Dr Zac Turner on whether LED masks really work to make you look younger

Welcome to Ask Doctor Zac, a weekly column from news.com.au. This week, Dr Zac Turner explains the ups and downs of LED skin therapy.

QUESTION: Hi Dr Zac, My sister is obsessed with her LED light therapy mask. She swears by it and is trying to get me to spend hundreds of dollars on one. Her skin care routine is, no joke, one hour long. Apparently the light mask is the best thing she does to her skin. She says all the big-name celebs do it – Victoria Beckham, the Kardashians – you name it. Do light therapy masks work or is it just another con job perpetrated by influencers? – Jo, 31

ANSWER: People will do almost anything if they think it’s one step closer to the Fountain of Youth. Light-emitting diode (LED) skin devices have been kicking around since the 1960s. They deliver a very appealing case as they claim to help with everything from wrinkles, redness, acne, scarring, dark spots and just about anything related to ageing.

I have to break this to you: you are ageing, you will age, and you will never stop ageing – same goes for Victoria Beckham. There are certainly things you can do to slow the process, but you will never be able to turn back the dial.

I commend you for having your bulls**t detector on when listening to your sister – remember there is a HUGE difference between getting treatment in the clinic and DIY at home.

The idea behind LED skin therapy is that different wavelengths of the visible light spectrum correspond to different colours of LED light and penetrate the skin to different depths. Depending on how deeply they penetrate, LED lights are thought to have different biological effects.

Red and blue are the common lights typically used in skin treatments. Some believe red LED light acts on cells in the skin known as fibroblasts, which play a role in the production of collagen. This is a protein that makes up a major part of connective tissues, which help the skin to recover when it’s harmed.

Blue LED light is used in treatment of acne. It’s thought to reduce the activity of sebaceous glands, which create the oil on your skin. If you reduce the oil production, you reduce the chance of oil clogging hair follicles and causing acne.

So, the idea is to shine some red and blue LED light on your face, and voila your skin looks a million bucks! But, does it actually work?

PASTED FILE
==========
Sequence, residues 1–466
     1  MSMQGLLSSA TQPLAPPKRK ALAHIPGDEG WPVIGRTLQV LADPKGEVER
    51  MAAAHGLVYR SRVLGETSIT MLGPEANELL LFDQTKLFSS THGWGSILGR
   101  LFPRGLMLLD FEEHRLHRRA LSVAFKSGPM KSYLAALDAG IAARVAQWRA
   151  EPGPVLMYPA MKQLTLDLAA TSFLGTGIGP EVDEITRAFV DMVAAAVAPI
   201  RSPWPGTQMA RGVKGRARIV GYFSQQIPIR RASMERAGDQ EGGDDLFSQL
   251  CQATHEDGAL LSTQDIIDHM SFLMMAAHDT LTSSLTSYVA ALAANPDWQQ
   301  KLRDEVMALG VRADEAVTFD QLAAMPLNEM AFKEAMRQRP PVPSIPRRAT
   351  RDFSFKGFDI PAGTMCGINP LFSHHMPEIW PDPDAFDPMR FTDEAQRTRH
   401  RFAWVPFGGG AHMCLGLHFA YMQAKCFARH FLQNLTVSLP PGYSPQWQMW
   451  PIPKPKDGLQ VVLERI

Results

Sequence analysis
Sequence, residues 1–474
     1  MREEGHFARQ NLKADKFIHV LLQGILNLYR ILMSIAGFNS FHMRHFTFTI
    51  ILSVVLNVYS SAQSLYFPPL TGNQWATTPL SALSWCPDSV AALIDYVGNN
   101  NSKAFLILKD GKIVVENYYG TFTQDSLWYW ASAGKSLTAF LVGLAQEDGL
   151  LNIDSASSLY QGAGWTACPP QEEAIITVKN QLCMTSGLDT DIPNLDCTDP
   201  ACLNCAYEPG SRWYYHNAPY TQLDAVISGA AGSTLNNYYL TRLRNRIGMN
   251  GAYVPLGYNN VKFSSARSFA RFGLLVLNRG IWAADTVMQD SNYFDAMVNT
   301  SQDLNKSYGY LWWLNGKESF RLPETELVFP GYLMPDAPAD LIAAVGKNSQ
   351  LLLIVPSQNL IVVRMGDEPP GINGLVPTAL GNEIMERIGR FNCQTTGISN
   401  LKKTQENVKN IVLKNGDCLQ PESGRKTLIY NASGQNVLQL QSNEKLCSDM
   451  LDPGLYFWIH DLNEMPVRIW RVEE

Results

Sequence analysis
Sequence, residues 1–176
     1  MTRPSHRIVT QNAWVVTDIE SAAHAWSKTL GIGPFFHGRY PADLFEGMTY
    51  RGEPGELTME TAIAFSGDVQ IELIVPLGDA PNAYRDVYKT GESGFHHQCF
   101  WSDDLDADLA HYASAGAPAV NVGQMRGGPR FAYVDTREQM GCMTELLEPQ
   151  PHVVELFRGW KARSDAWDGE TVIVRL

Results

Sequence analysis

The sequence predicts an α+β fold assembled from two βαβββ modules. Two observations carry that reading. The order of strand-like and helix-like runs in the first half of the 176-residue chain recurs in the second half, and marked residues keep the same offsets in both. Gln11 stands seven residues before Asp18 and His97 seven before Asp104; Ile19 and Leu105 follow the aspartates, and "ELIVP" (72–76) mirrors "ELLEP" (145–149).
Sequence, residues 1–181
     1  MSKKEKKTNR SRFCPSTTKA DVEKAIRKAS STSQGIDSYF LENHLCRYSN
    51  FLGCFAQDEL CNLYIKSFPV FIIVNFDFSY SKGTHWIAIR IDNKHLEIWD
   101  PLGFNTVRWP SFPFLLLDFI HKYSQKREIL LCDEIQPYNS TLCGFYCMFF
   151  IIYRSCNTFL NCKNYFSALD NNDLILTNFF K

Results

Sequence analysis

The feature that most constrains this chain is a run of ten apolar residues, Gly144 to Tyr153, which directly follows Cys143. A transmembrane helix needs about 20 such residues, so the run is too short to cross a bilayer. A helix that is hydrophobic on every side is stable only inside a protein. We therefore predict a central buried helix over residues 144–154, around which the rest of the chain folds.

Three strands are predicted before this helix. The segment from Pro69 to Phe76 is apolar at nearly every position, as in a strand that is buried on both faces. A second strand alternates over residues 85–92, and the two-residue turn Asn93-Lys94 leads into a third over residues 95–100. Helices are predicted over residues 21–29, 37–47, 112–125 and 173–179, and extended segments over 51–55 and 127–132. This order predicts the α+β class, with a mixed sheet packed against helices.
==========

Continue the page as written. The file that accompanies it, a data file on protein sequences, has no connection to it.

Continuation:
According to research there is much to learn about this type of treatment, however you will find on the internet a tonne of people providing rave reviews. Albeit a lot of these people are usually paid celebrities and influencers, there are everyday people who love their LED treatments.

Improvements shown by LED treatment are very incremental and will take time. Do not expect results overnight. It will take you four to six weeks before seeing a difference. Cosmetic injectables, peels and other treatments can often provide that quicker result of anti-ageing, but of course they come with their downsides as well.

Most of these treatments are TGA approved, so there can’t be any significant danger to using them. At home light masks have been recalled in the past due to risk of eye injury, so I wouldn’t recommend doing it at home unless you are very safe and wear eye-goggles. Remember many of the light rays are ‘ultra’ for a reason and as such we can’t perceive many of them. Research the quality of the product and follow the safety instructions and manufacturer guidelines before using any of these devices.

Over the counter topical medications have far more evidence of working than LED devices do, so I would recommend you start there before opting to blast yourself with light. There is nothing wrong with using an LED light. If you would want to, I’d recommend incorporating it into your skincare regime rather than making it your only skincare regime.

Speak to a dermatologist before making any major investments in your skincare, as they will be able to steer you in the right direction.

Got a question? Email askdrzac@conciergedoctors.com.au

Dr Zac Turner has a Bachelor of Medicine and Bachelor of Surgery from the University of Sydney. He is both a medical practitioner and a co-owner of telehealth service, Concierge Doctors. He was also a registered nurse and is a qualified and experienced biomedical scientist along with being a PhD Candidate in Biomedical Engineering.

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